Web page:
Still expensive, but something I actually want now
The house-building saga continues. In part one I explained why we are suddenly looking for a company to build a house for us. In part two I shared our initial quote, an eye-watering 46 million yen.
After writing that post I wasn't really happy with spending that much money on something I didn't particularly want. It was too much compromise and not good enough.
Then I read this post by Mark Brierley, which led us to take another look at Ichijo Komuten, and to this quote for the floorplan above:
It is still expensive (keep in mind we are not buying the land, just clearing the existing house and building this new one).
However, it is 4 million yen cheaper than the last quote, and much better quality:
- The solar panels have twice the capacity (10kW instead of 5kW)
- It's a hiraya (bungalow)
- It has underfloor heating/cooling
- It has a heat exchange ventilation system that controls the humidity
- The walls use foam insulation instead of glass wool
- I loved the design when I saw the model house (it's modern simple)
- I really like the floorplan we ended up with (the 'den' is going to be my writing room, overlooking the deck and the prefectural forest park)
The guy we are dealing with at Ichijo is doing a good job on anchoring us on this. Unfortunately for him, there are three big conditions regardless of how hard he works:
- My in-laws will have to chip in 1/3 of the purchase price (so 14 million if we don't manage to bargain Ichijo down much)
- My brother-in-law will have to agree to them giving the land to my wife or I, and to them giving us said 14 million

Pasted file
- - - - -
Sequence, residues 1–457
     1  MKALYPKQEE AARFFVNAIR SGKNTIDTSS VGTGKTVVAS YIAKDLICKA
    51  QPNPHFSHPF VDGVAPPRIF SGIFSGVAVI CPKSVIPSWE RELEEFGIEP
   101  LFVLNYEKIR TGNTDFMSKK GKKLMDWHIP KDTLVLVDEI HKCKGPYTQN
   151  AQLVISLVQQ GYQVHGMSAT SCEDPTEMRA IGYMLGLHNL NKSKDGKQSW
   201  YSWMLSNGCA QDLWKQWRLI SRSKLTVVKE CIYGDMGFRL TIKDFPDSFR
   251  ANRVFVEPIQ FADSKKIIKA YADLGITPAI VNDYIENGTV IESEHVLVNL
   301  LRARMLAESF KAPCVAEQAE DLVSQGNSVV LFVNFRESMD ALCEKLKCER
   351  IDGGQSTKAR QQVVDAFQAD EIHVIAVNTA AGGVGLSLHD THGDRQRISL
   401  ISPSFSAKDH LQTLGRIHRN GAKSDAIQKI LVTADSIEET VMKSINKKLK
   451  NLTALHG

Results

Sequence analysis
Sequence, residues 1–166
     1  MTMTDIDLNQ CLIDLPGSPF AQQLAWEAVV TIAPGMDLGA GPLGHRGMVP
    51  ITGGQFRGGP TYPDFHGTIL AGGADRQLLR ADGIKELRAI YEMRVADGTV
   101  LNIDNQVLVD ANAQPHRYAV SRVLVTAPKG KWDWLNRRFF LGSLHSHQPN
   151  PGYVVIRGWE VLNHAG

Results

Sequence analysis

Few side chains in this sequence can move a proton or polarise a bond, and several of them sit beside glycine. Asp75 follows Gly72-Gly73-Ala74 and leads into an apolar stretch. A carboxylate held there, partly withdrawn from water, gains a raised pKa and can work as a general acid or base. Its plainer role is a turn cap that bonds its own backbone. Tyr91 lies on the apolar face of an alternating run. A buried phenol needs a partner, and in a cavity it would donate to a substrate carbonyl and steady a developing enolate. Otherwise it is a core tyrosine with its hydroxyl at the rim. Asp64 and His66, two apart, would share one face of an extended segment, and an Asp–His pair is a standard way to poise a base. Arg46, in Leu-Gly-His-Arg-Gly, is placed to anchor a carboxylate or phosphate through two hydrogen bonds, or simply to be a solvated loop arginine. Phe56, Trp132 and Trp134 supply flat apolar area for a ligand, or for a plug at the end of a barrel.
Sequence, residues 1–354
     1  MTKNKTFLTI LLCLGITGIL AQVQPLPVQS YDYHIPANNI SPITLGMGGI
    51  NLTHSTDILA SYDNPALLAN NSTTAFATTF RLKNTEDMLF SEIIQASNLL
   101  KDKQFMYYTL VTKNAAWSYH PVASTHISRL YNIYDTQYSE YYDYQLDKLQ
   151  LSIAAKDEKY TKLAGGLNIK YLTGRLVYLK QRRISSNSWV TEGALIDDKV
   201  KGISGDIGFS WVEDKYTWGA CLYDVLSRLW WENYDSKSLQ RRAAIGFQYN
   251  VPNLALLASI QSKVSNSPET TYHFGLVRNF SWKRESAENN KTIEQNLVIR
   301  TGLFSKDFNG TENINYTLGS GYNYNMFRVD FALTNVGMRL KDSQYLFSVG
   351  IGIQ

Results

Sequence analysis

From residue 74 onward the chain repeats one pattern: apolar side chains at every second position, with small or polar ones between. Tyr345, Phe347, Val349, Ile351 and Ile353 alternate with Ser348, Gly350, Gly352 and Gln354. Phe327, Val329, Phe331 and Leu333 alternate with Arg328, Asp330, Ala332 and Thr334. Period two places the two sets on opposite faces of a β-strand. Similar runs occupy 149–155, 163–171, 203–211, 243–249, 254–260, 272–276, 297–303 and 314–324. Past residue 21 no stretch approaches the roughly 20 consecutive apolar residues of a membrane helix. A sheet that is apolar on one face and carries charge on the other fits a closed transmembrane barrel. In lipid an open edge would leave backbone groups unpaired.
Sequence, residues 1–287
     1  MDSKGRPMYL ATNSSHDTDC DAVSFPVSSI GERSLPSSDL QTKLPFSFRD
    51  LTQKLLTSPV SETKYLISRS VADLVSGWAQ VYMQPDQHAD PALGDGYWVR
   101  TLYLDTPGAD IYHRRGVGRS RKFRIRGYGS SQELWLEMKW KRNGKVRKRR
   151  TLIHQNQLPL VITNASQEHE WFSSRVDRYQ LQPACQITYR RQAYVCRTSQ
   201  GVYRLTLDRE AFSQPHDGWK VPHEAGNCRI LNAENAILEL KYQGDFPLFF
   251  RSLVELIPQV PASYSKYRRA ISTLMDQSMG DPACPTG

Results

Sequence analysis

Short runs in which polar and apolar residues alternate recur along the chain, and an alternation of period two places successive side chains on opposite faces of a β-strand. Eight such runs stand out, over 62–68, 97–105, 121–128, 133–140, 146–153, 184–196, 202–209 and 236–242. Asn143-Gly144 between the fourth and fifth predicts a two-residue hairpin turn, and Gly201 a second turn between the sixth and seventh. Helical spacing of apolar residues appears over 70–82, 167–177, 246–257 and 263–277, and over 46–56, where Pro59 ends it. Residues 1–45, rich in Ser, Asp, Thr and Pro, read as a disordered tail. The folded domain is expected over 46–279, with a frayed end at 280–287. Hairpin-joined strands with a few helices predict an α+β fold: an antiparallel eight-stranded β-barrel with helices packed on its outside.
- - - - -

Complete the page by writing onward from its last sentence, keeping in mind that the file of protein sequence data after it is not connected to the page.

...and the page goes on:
- My mother-in-law will have to agree to get rid of a lot of her stuff, otherwise our modern simple house is just going to be 'mindless clutter style'
We're going to stay the night in an i-Smart model house (the same model as we are considering) with my in-laws next month, and then we're going to have a family meeting with them and my brother-in-law. If all goes really well, we'll move forward on the project after that.
If it doesn't work out, we'll just stay in our manshon ;)
Before signing though I have a couple of problems with Ichijo's quote:
- When we first met the guy, he said 'you can build a hiraya for the same price!', which we were impressed with. Then the third time we met with him he said 'you only have to pay an extra 20,000 yen per tsubo for a hiraya'. This is an extra 840,000 yen on the price of the house. I'm going to do my best to hold him to the original statement before signing.
- They charge per tsubo for a lot of things, including the humidity control upgrade for the ventilation system. This seems insane to me. So this machine costs 450,000 yen if we have a small house but 630,000 yen for our house? We'll be having a chat about that too.
I'm also intending to get an insane amount of detail in the quote before signing. I've heard lots of horror stories about people being upsold once they are no longer in a position to negotiate ('oh, you want stairs? That's an optional upgrade').
One thing I was very pleased though is the numbers on this purchase. It seems like it is actually going to be slightly cheaper for us to live in the new house than our current manshon. Check it out:
Current manshon costs
- mortgage 30,000 yen a month (9.9 million @ 0.5% for 30 years)
- manshon fees 20,000 yen a month
- parking space 8,000 yen a month
- electricity bill 10-20,000 yen a month
- gas bill 5-10,000 yen a month
Projected house costs
- mortgage 80,000 yen a month (28 million @ 0.6 for 35 years)
- electricity bill -18,000 yen a month (they pay us -monthly average)
We'll also make about 3 million when we sell the manshon, which invested for a 3% yield takes a further 7,000 yen off the house monthly, for a monthly cost of about 55,000 yen.
Add in the mortgage tax break and the tax break for having elderly family members living with you, and things look even better.
Now I think we'll pay more in land tax and various random bits of upkeep, but at least it isn't as bad as I first thought financially, and of course it will be a far more pleasant place to live.
What do you think of our tentative plan? Are we missing anything? What should I be thinking about?